Thane murder: Warekar may have been suffering from schizophrenia, say police

The drug is not available without prescription, and investigators are trying to find if Warekar was consulting a psychiatrist who prescribed the medication.

Written by Mohamed Thaver | Mumbai | Updated: March 3, 2016 10:54 am
thane murder, thane mass murder, thane family murder, thane murder case, thane murder probe, mumbai police, thane Warekar family murder, india news, mumbai news, maharashtra news, latest news Warekar killed 14 family members including his parents, wife, his two children including a three-month-old baby, his sisters and their children, by slitting their throats. (Source: Express file photo)

Police investigating the killing of 14 members of the Warekar family in Thane’s Kasarwadavli in the wee hours of Sunday believe that Hasnain Warekar, 35, who hanged himself following the killing spree, may have been suffering from schizophrenia.

The Thane Police made the assertion after finding in Warekar’s room, in his desktop drawer, medication taken to “resist forms of schizophrenia”. The drug is not available without prescription, and investigators are trying to find if Warekar was consulting a psychiatrist who prescribed the medication. However, his brothers-in-law, whose statements were also recorded on Wednesday, were unaware of him suffering from any mental illness.

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Warekar killed 14 family members including his parents, wife, his two children including a three-month-old baby, his sisters and their children, by slitting their throats. In the absence of a clear motive, among the key discoveries made by investigators until now is that Warekar had taken multiple loans and was facing a financial crisis. The other major theory the police are pursuing is that Warekar may have been suffering from a psychological illness.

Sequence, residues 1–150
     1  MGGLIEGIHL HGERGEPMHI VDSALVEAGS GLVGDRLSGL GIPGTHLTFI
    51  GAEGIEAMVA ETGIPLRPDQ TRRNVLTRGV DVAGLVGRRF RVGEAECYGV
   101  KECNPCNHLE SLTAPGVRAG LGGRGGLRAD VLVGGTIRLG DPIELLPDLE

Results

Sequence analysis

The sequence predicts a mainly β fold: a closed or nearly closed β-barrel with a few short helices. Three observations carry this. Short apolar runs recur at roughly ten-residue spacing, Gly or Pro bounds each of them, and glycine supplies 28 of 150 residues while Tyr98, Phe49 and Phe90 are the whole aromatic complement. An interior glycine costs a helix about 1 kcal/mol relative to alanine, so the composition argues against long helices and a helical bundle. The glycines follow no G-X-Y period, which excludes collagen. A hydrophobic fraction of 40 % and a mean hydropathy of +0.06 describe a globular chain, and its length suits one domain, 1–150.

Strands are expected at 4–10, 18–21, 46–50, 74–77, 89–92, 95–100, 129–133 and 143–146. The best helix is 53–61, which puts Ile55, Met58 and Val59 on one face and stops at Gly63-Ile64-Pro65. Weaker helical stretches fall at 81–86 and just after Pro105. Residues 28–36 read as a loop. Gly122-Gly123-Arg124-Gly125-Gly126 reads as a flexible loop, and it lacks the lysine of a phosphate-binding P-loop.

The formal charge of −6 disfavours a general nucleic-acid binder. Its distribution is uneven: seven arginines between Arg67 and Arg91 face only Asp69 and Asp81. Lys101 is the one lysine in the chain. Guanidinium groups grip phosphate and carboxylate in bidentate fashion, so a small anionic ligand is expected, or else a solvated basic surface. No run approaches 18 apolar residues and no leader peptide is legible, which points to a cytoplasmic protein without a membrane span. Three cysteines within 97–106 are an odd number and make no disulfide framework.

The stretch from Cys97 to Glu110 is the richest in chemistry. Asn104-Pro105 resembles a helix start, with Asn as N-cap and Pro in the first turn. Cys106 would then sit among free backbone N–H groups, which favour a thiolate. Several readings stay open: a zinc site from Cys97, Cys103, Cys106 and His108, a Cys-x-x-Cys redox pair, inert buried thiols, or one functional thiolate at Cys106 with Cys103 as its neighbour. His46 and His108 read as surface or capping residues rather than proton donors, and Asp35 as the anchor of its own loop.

An officer said that while conducting searches at Warekar’s residence, the police found a strip of medication, among other tablets in his desktop drawer in his bedroom. “While we hear that his sister who resided with them suffered from a mental ailment, we believe her medication would not be in Hasnain’s bedroom on the first floor. We were also told that no one was allowed to go into his bedroom,” an officer said. He added, “The other distant possibility we are pursuing is to see if he may have used the tablets as a sedative to put the family members to sleep before the killings. This medication does have sleep-inducing properties,” the officer said. However, the stripes were intact.

“However, one thing does not fit in. Psychiatrists we approached told us that in a violent episode, a person suffering from schizophrenia would be out of control, the wounds would be haphazard. In this particular instance, the throats have been slit cleanly, indicating a person in control of his actions.”

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